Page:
>  (and like the addition of ZWJ and ZWNJ with contextual controls)
>  now if there is fairly strong consensus in the
>  materially-affected communities that the change is important
>  enough and that they are prepared to deal with it.   I also
>  think it is our last chance, so we had better get it right this
>  time.   Others may disagree with one or both of those beliefs.
>  thanks again,
>        john
>  --On Friday, 07 March, 2008 17:52 +0100 Georg Ochsner
> <g.ochsner at> wrote:
>  > Hello,
>  >
>  > I am a native German speaker (born in Austria, living in
>  > Germany). I noticed that there have already been postings
>  > about the German sharp s (Eszett) but actually very few (if
>  > any) from German people (Afaik Martin is from Switzerland,
>  > where people normally do not use the sharp s).
>  >
>  > I want to stress how important the sharp s actually is for
>  > most of the German speaking users. Beside the 3 umlauts which
>  > can already be used in IDNs the sharp s is the 4th character
>  > which would really matter for users. Over 90 million German
>  > speakers do use the sharp s. In German texts it is used more
>  > often than the letters "j", "q" and "y" for instance. The
>  > sharp s has (of course) a direct key on German keyboards.
>  >
>  > Concerning IDNA I have to say, that the sharp s is NOT equal
>  > to double s. Mapping the sharp s to "ss" is not natural from a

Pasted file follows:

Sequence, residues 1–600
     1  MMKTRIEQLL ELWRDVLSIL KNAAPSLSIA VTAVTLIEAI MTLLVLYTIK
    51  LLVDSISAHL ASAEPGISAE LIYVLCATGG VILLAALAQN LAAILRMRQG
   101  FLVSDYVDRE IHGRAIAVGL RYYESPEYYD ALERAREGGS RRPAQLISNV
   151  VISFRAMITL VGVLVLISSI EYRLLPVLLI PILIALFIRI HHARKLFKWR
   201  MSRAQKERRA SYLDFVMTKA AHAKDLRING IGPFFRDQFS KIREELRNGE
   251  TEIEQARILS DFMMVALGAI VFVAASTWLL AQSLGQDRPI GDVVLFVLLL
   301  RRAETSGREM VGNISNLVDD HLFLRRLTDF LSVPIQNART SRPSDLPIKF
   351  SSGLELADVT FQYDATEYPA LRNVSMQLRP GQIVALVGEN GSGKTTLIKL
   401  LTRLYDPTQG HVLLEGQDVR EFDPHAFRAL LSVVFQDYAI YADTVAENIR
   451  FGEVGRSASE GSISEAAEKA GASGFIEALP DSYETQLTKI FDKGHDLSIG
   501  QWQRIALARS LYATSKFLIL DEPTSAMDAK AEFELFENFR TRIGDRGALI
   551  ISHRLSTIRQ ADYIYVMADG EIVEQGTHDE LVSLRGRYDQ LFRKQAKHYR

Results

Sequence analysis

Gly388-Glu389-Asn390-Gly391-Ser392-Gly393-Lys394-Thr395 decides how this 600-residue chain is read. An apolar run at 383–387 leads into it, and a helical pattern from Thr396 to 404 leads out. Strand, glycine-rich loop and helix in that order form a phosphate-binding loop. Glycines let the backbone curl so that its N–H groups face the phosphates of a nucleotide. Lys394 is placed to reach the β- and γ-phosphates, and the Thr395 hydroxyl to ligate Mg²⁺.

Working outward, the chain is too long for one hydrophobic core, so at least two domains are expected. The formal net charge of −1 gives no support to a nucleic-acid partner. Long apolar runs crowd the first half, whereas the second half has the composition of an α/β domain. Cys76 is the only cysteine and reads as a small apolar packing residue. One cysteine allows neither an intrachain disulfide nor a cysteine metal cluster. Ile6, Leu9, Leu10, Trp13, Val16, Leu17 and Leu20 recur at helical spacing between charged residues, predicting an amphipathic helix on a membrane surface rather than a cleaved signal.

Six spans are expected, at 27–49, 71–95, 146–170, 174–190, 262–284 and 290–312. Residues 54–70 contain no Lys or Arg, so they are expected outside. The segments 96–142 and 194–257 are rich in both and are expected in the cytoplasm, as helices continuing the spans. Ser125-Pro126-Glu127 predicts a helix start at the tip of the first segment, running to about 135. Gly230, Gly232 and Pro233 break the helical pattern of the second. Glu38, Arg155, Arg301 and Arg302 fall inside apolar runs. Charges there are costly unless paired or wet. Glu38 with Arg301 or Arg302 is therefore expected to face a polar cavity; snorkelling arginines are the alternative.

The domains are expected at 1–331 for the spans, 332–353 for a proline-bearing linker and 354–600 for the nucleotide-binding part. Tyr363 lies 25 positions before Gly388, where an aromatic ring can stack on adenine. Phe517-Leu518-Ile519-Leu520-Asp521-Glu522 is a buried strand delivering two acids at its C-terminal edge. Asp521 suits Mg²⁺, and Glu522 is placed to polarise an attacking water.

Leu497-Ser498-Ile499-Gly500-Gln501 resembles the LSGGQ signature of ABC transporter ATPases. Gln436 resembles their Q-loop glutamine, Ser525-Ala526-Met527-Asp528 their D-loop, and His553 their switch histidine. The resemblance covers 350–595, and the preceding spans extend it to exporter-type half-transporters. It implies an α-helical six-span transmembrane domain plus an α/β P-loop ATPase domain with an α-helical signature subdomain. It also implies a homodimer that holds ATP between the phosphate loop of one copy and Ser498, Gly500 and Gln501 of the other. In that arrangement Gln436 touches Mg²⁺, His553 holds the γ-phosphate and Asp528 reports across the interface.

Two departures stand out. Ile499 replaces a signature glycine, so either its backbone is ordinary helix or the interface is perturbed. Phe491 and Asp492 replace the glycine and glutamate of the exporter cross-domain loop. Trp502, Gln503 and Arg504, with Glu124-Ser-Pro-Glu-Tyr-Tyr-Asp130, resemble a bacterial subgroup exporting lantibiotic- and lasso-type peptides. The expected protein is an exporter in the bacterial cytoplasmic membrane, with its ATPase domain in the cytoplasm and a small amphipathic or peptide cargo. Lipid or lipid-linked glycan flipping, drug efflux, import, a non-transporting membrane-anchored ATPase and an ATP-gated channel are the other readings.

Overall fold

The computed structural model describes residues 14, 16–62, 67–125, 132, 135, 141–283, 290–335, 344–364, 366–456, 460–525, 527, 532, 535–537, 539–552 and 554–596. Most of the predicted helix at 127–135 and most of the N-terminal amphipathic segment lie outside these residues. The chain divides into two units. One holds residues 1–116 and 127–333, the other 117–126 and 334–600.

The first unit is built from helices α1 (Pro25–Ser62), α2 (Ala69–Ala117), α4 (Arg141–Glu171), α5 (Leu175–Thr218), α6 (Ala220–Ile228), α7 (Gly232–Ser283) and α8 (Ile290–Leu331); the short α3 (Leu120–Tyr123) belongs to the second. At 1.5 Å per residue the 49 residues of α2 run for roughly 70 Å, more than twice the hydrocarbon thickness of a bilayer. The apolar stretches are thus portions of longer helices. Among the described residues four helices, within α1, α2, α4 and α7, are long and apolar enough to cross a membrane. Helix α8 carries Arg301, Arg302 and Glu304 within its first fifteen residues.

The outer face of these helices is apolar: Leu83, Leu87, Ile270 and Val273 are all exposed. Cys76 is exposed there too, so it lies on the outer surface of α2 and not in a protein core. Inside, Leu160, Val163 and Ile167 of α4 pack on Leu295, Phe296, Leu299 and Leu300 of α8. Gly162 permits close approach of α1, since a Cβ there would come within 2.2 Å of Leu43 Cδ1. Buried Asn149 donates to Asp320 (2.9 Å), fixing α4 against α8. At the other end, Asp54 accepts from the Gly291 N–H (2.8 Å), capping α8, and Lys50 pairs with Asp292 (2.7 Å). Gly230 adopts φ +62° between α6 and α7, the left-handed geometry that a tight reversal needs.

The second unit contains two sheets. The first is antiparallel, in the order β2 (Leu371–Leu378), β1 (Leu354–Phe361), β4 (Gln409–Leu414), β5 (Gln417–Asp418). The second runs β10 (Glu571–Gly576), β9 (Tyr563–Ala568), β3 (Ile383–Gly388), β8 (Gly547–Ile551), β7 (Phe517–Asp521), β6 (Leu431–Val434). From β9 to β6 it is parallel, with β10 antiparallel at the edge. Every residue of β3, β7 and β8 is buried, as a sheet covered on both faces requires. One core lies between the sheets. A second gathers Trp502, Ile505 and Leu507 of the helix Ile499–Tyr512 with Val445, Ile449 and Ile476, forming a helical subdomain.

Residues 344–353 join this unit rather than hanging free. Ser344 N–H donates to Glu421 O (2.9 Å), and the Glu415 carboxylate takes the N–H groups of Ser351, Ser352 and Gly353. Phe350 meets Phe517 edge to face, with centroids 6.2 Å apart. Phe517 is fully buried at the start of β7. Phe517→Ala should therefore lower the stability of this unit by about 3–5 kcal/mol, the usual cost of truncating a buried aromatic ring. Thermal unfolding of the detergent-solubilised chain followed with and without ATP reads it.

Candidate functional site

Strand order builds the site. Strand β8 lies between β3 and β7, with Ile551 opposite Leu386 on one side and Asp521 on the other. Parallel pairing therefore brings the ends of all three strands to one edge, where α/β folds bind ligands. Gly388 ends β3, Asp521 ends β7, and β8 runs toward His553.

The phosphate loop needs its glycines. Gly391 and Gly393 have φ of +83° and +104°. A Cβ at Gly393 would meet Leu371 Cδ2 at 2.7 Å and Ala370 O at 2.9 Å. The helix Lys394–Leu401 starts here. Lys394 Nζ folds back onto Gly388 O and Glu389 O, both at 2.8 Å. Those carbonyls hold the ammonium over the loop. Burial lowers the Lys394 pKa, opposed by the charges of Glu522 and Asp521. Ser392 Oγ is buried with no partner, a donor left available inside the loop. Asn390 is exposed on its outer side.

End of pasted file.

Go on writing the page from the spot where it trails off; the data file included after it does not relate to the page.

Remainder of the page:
>  > user's point of view. If you substitute the sharp s by "ss"
>  > you will get wrong spelling in most cases and sometimes even
>  > other words with totally different meanings, which can be
>  > confusing. There are strict grammatical rules whether to use
>  > the one or the other.
>  >
>  > I am not versed enough to know the deep technical impacts, but
>  > I am enthusiastic about the German language though... How
>  > could the sharp s be implemented into IDNA so that it can be
>  > used in IDNs? I read that the Latin capital sharp S has been
>  > added to Unicode 5.1 now
>  > ( The document
>  > also proposes a tailored casing operation from small to
>  > capital sharp s where desired. What implications does that
>  > have on "rule B" in the current table document and the other
>  > documents?
>  >
>  > As an user I would really like to see the sharp s in IDNs,
>  > maybe you can discuss the technical impacts, even if it takes
>  > kind of workarounds or "special" mappings...? As far as I can
>  > contribute by collecting orthographic data or contacting
>  > German language specialist here in Germany to join the
>  > discussion, please let me know and I will try.
>  >
>  > Best regards
>  > Georg
>  >
>  >
>  > PS.: Please forgive and correct me if I mixed up technical
>  > terms...
>  >